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Simulation of soil freezing-thawing cycles under typical winter conditions: implications for nitrogen mineralization

Juan, Yinghua, Tian, Lulu, Sun, Wentao, Qiu, Weiwen, Curtin, Denis, Gong, Liang, Liu, Yan
Journal of soils and sediments 2020 v.20 no.1 pp. 143-152
Luvisols, Phaeozems, World Reference Base for Soil Resources, agricultural soils, ammonium nitrogen, freeze-thaw cycles, freezing point, latitude, microbial biomass, microbial communities, mineralization, nitrate nitrogen, nitrogen, risk, soil water, soil water content, spring, temperate zones, temperature, thawing, winter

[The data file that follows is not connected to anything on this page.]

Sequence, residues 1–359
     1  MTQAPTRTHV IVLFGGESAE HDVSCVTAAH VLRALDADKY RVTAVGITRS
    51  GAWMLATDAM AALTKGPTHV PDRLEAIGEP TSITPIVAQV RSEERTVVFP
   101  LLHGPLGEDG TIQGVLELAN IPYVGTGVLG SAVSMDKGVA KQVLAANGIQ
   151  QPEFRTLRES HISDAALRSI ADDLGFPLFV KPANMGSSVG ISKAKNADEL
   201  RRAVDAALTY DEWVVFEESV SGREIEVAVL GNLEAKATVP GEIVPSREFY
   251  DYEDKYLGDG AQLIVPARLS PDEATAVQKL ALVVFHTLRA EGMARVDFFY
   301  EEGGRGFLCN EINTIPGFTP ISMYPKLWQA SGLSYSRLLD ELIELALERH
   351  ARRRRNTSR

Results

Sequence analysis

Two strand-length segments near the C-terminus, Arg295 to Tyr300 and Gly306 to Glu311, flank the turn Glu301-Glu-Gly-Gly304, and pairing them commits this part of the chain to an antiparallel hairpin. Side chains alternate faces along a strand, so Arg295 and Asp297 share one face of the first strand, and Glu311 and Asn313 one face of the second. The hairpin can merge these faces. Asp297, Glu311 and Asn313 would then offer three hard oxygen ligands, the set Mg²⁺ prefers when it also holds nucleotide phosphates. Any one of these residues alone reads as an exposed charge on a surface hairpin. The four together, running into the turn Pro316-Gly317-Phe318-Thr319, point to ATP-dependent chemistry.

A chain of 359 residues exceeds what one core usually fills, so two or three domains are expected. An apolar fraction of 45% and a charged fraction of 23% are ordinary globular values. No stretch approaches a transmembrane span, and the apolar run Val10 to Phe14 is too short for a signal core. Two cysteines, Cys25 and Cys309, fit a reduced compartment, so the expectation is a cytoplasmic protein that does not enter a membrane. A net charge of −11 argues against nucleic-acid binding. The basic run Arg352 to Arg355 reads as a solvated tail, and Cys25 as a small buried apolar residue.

PURPOSE: Seasonal freezing-thawing cycles (FTCs) are common phenomena in middle- and high-latitude regions that may have a strong effect on soil nitrogen (N) mineralization. As yet, little information is available about N mineralization of cultivated soils affected by FTCs, especially during non-growing seasons. It is proposed that N transformation of boreal farmland soil should be well responsive to FTCs because their microbial community and physiochemical characteristics are easily influenced by human agricultural activities. To examine this hypothesis, laboratory simulation experiments were carried out to investigate the effects of different amplitudes, frequencies, and moisture regimes of FCTs on soil N mineralization dynamics, to provide a better understanding of the mechanisms influencing the effect of FTCs on soil N availability during the non-growing season. MATERIALS AND METHODS: In a laboratory simulation study, cultivated black soil (BL) and brown soil (BR) (Haplic Phaeozems and Haplic Luvisols, respectively; World Reference Base for Soil Resources 1988) were collected from two provincial experimental stations to assess the dynamics of N mineralization under four FTC factors (five levels for freezing temperature, two levels for thawing temperature, five levels for freezing-thawing frequency, and three levels for soil moisture regime). RESULTS AND DISCUSSION: There were marked variations in inorganic N pools, microbial biomass N (MBN), and net N mineralization rate (NNMR) for both soils during the FTCs. In both soils, ammonium N (NH₄-N) and nitrate N (NO₃-N) concentrations, as well as NNMR, significantly increased with the decrease in freezing temperature, but the opposite was observed for MBN. However, fluctuating thawing temperature had no significant influence on the available N forms measured. As FTCs’ frequency increased, the NH₄-N, NO₃-N concentrations, and NNMR substantially decreased in both soils, while the MBN concentration initially increased and then declined, reaching the peak at the sixth FTC. The available N fractions in both soils had different response patterns as soil water content rose, showing a considerable increase of NH₄-N, a distinct decrease of NO₃-N, a steady increase for NNMR, and an initial increase followed by a decreasing trend for MBN. CONCLUSIONS: This study has demonstrated that FTCs during the non-growing season in temperate regions can accelerate N mineralization via increases in freezing-thawing amplitude and freezing-thawing duration. Therefore, there is a potential risk of N losses over the early spring thawing period.